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Hillary Ronen defends closing BART station plazas in the Mission: ‘My back is against the wall’

The BART station plazas at 24th and Mission streets—two of the busiest corners in San Francisco—were fenced off this week by Supervisor Hillary Ronen in an extraordinary step to combat illegal street vending. BART owns the property surrounding the plazas aside from the sidewalks, but at Ronen's request the agency agreed to install fencing to close off the spaces for the next two months, aside from letting people enter and exit the underground station.

Ronen said her office has received numerous complaints about illegal vendors taking business away from brick-and-mortar locations, vendors being extorted, overcrowding by the nearby Muni bus stops, drug dealing and even threats of violence against her own staff. She and other supervisors passed a law this spring for a street vendor enforcement program through the Department of Public Works, but the city has yet to implement it. Ronen's office now plans to work with the Mission District nonprofit Calle 24 to revitalize the space as requirements on vendor permits continue to be fleshed out.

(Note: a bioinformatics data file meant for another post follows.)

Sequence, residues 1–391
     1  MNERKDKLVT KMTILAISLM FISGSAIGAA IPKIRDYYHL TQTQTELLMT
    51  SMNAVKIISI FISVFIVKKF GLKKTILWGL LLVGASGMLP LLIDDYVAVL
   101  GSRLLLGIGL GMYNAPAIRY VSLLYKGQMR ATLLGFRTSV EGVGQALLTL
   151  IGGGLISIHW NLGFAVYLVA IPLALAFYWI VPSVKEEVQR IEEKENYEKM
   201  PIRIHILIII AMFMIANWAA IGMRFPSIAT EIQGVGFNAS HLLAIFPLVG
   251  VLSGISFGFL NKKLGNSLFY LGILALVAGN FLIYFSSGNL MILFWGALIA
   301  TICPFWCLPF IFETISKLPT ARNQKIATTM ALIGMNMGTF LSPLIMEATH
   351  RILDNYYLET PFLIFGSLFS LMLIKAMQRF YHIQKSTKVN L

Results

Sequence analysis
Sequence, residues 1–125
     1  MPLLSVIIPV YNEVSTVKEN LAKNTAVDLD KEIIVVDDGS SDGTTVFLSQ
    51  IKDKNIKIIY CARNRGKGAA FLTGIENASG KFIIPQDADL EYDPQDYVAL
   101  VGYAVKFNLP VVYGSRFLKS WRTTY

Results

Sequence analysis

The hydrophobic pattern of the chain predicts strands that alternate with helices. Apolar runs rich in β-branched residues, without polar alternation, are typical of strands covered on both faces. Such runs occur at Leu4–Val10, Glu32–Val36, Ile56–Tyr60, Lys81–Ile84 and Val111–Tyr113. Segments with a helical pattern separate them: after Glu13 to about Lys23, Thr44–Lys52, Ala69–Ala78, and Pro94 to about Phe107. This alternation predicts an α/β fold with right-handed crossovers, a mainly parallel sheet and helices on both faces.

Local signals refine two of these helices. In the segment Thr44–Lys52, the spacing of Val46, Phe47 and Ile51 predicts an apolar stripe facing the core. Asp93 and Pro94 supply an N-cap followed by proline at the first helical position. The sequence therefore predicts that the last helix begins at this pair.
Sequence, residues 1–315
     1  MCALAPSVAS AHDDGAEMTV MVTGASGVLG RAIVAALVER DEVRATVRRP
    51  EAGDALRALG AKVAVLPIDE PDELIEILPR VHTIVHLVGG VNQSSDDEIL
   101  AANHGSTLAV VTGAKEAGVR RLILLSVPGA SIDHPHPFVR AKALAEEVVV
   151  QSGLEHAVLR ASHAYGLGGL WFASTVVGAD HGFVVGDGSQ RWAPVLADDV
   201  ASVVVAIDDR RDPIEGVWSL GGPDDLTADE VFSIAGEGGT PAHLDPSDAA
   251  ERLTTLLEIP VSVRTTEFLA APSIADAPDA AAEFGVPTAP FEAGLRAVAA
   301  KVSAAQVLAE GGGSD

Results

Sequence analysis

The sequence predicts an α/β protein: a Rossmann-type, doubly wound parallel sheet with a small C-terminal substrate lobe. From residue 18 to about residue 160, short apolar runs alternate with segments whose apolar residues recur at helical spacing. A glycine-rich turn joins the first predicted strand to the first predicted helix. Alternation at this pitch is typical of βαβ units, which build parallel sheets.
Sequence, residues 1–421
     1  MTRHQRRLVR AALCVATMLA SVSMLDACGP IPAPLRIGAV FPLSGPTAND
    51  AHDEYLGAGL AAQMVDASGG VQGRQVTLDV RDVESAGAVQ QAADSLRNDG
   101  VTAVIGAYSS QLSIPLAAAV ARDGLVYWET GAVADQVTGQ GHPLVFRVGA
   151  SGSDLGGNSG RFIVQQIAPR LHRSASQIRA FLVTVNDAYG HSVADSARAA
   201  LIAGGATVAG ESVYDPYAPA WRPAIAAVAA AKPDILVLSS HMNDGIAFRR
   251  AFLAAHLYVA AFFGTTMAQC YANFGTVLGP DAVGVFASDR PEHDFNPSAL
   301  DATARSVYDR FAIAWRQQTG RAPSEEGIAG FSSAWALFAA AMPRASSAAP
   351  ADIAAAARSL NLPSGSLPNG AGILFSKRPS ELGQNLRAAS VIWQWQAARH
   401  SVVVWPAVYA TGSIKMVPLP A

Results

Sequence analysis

In a lively conversation Thursday with The Standard, the Mission District supervisor defended her decision to shut down the public spaces, arguing that delays in implementing the permitting process required the closure but all will be well when it goes into effect in August.

Ronen discusses her decision to shut down the 24th Street BART Station in a July 21, 2022 interview with The Standard.

Ronen on the response to the shutdown

Ronen says the community response has been overwhelmingly positive, citing the many citizen complaints she received before the shutdown.

Ronen on whether this will work

Ronen insists that her intent is not to criminalize the poor, but instead to provide a temporary solution as law enforcement targets criminal elements in the area.

Ronen on Tenderloin crime moving to the Mission

Ronen said she was scared that the situation at the 24th Street BART station was coming close to what has been going on for years in the Tenderloin.

Editor’s note: This story was updated to note the street vendor legislation passed in the spring is scheduled to go into effect next month.